> There does not have to be a per site certificate when WebID is used. This is what Linked Data permits us to avoid. This is why WebID is so useful. It is why X509 failed as client certificates. Indeed if all you can use a client certificate for is your own web site then it has very little use - you might as well use a cookie, or a password. But if you can then connect to other sites, and login in one click, then things are different - completely different.

If your answer is that WebID relies on me giving up on not being
linkable across all sites, then we may as well stop talking now -
WebID is useless.

But even for a single certificate you have not answered the question.

>> 3. Related: if I lose all my devices, how do I recover?
>
> If you still have your server you go there and remove all public keys. If you are using a service provider at a university you go and see him and tell him to remove all your keys. If you are at Google, then you get hold of the hotline? How do you do it now?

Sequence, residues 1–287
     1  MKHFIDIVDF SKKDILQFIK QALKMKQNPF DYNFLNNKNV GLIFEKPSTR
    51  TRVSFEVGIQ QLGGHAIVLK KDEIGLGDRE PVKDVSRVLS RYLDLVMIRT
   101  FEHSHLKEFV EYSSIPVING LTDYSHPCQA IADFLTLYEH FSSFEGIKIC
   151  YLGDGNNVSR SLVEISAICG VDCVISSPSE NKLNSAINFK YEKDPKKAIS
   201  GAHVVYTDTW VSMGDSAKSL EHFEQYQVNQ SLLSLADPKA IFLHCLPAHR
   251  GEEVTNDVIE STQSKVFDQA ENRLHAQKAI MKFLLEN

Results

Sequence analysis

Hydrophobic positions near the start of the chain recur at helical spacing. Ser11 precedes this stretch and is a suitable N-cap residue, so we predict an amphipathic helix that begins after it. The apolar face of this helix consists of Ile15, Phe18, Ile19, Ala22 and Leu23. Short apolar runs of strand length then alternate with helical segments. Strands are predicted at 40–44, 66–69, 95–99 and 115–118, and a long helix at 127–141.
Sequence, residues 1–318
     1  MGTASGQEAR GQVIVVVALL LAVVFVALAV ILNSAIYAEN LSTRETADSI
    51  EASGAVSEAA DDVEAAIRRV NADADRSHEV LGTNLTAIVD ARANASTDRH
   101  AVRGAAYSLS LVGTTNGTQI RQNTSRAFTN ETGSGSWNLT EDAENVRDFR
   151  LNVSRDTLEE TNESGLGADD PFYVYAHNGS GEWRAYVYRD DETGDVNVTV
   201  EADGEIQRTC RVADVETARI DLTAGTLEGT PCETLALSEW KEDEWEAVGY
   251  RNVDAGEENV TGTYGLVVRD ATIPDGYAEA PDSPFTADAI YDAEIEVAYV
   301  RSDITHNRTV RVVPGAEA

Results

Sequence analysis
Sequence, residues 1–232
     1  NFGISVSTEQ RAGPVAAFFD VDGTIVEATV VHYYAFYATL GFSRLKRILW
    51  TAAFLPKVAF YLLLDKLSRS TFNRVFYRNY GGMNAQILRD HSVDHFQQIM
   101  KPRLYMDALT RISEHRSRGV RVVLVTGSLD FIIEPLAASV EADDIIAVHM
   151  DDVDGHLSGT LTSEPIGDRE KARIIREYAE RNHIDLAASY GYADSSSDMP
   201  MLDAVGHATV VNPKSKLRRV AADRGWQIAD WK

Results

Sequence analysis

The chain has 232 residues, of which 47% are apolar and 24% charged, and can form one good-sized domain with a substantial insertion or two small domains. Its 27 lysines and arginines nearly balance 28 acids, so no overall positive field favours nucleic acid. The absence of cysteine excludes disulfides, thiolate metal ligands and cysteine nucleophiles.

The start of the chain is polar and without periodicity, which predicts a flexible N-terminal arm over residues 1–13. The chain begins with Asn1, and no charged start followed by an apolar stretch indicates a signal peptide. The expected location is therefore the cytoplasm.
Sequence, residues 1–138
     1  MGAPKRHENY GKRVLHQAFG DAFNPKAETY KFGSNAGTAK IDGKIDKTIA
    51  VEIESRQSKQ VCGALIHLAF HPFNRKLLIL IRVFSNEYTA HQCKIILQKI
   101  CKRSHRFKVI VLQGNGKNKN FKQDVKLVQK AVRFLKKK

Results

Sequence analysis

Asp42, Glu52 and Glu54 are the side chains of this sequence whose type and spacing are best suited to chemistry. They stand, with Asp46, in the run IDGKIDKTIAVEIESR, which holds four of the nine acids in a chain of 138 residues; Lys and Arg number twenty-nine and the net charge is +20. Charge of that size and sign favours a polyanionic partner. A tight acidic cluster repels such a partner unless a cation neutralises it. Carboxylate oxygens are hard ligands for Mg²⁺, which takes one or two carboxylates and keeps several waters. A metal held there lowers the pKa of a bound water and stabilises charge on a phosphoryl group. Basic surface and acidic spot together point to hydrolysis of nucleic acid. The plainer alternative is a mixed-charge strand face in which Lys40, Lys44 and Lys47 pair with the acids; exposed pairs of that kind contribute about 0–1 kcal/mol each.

What? Users have to have servers? This is clearly a non-starter.

Now, you login using your password, just as you have always done. This
is one reason passwords won't go away easily - they're only tied to
me, not my devices.

>> 4. How do I revoke access when my laptop is stolen?
>
> You go to the server and remove the public key from your profile.

How do I log in to the server?

> Or you ask your admin to do that. Or if you have your own server at home, can't remember anything, then you unplug it.
>
>>
>> 5. How do I migrate my existing username/password accounts to WebID?
>
> There is a technical answer and UI answer for that.